There are some leftovers that you choke down, out of a sense of responsibility and thrift. And then there are some leftovers that are better than the original. Garlicky fried rice, topped with a fried egg, is one of my favorite things to do with leftover rice the next morning. And although I used the word "fried" twice in the previous sentence, this isn't the traditional hangover greasebomb breakfast. Yeah, it's got some oil, but it's rich and savory from the garlic, tangy with hot sauce and cilantro, and sauced with a runny fried egg (if you'd like). On second thought, maybe it is good for a hangover.

I'm not entirely sure how and when I came up with the current version of this dish. I had the Sundays at Moosewood Restaurant cookbook years ago, which has an ethnic/regional focus. In the Southeast Asian section, the author said that a breakfast of garlicky fried rice topped with a fried egg and vinegared chiles took him back to the Philippines like nothing else. I think I might have started there, but quickly moved into a more Mexican adaptation.

My current version uses an ingredient that might not be in your pantry: achiote. Also called annatto, they're the seeds of a tropical plant. You can find them in Latin American or Asian markets. Even if you've never cooked with them, you've probably eaten them many times: annatto is used to dye everything from orange cheddar to red-coated roast pork. In home cooking, the hard seeds are heated with oil at the start of a recipe, and then removed. The achiote-scented oil contributes a slightly peppery, nutmeggy fustiness to the finished dish. But you can certainly make this dish without it. I haven't done a side-by-side comparison, but I think it's subtle enough that you won't miss it, especially with everything else going on in this dish.

The recipe below is just a loose outline -- the actual dish tends to vary greatly depending on the contents of my refrigerator. I've made it with short-grain rice, long-grain rice, white and brown. All work well (I think I'm partial to fragrant basmati, but brown rice makes me feel a wee bit more virtuous). I toss cubed avocado on the top when I've got it, or stir in shredded cheese at the end when I want a particularly gooey variation. However you make it, just make it.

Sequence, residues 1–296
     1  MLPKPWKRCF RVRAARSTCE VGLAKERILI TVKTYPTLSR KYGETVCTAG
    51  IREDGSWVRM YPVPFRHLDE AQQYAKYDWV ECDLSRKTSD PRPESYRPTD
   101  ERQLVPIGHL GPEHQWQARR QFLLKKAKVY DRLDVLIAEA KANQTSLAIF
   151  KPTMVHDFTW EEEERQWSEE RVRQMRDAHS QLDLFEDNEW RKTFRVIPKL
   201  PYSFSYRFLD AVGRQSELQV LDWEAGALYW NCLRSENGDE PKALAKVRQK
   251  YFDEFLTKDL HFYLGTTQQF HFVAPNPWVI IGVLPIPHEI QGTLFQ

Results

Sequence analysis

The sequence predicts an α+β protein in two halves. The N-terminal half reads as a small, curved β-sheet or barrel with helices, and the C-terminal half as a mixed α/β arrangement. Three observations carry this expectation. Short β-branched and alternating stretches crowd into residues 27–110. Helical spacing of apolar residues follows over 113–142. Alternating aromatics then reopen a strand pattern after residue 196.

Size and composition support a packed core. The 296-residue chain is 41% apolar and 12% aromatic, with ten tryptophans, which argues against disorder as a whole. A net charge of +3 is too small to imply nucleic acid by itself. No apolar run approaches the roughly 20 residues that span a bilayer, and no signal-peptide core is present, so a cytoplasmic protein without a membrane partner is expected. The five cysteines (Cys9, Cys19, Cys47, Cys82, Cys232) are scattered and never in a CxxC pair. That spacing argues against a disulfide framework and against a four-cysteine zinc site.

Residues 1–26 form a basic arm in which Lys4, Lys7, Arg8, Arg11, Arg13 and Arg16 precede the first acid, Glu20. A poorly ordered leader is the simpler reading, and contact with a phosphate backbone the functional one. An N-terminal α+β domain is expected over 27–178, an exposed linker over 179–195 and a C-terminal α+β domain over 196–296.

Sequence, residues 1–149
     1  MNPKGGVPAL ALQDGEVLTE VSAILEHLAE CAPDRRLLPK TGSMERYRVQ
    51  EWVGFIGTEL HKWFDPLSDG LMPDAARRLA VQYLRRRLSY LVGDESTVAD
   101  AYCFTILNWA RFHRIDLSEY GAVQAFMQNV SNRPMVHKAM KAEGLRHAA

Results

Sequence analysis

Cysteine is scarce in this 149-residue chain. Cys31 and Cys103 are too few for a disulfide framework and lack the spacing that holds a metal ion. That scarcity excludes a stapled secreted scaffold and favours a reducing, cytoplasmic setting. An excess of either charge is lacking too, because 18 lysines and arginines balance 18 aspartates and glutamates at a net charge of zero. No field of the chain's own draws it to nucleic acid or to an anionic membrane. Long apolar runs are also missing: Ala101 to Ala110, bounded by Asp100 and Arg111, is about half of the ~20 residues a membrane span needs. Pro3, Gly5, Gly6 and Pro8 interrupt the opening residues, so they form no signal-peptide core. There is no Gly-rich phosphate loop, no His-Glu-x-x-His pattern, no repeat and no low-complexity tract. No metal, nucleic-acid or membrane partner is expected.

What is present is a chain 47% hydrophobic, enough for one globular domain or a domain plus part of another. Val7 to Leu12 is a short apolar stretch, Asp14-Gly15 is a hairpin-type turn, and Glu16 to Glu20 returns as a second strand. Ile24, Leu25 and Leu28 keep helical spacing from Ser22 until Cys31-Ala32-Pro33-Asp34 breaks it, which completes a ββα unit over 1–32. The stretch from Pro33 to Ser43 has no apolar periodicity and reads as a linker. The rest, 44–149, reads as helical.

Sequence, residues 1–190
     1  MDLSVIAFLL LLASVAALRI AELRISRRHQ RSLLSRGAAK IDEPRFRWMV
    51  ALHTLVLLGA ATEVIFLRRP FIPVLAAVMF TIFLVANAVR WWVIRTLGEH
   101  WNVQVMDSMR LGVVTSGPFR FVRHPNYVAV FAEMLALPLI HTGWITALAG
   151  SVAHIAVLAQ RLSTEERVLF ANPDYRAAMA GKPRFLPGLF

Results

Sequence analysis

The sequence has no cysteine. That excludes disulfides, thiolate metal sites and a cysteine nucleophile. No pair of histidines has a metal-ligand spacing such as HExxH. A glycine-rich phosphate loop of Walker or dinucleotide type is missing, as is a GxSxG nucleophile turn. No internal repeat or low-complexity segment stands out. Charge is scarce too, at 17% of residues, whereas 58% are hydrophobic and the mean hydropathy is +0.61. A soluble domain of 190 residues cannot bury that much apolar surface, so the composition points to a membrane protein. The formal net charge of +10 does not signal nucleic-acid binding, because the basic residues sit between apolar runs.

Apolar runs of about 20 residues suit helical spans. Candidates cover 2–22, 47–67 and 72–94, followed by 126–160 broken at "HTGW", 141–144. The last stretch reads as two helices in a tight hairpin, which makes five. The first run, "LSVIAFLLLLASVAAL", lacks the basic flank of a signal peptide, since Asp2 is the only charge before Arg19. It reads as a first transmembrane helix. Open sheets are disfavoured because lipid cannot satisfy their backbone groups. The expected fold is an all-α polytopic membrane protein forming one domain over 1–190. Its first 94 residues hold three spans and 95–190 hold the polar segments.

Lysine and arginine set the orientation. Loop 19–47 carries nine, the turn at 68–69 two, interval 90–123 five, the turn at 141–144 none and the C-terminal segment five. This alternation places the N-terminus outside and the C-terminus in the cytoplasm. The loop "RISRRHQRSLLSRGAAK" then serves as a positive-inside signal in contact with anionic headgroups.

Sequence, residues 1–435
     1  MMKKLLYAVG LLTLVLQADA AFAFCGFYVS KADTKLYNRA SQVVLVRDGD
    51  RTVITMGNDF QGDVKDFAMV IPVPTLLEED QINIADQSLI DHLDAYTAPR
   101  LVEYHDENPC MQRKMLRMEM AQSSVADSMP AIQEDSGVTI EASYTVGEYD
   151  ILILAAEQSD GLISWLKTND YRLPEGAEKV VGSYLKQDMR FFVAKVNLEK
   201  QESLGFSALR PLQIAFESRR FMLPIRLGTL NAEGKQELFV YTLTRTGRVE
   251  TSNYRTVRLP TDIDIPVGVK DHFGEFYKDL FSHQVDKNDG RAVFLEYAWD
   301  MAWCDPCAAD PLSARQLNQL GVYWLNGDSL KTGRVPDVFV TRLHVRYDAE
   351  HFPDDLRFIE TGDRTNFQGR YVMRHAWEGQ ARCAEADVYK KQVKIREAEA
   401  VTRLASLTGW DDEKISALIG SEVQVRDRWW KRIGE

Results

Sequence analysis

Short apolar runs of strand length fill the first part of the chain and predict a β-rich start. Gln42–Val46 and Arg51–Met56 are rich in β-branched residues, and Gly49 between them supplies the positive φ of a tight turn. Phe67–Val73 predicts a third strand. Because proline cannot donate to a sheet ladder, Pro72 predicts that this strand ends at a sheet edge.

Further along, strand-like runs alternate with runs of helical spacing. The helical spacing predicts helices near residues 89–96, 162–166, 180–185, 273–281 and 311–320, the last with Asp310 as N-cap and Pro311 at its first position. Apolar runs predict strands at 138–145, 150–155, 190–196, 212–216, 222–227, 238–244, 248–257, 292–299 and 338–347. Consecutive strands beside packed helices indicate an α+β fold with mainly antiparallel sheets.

Garlicky Fried Breakfast Rice
Serves 2

Like most fried rice made by those who don't have industrial woks, this might stick somewhat to your pan. Just work over a hot flame, frying as quickly as you can. Cast iron seems to work best.

1 Tbsp olive oil
1/2 tsp achiote seeds
1 large (or 2 small) cloves garlic
1 small tomato, chopped (optional)
2 cups leftover rice, somewhat dried out
2 heaping tablespoons chopped cilantro
salt and pepper
2 eggs
lime wedges and hot sauce for serving

Place the achiote seeds and oil in a heavy skillet, and heat over a medium flame. As the oil warms, it will take on color from the seeds. When the oil is very hot (but not smoking) and reddish from the achiote, fish the seeds out and discard them.

Drop the chopped garlic in the hot red oil, and stir quickly as they sizzle. Turn the flame up if needed. When they're lightly browned, add the tomato and fry until the heat comes back up and the tomato softens but doesn't break down (barely a minute or so). Add the rice and cilantro. Stir frequently with a spatula or spoon, breaking up the rice clumps and coating each grain with the garlicky red oil (without mashing them too much). Season to taste with salt and pepper. When the rice is well-oiled and heated through, remove to two plates.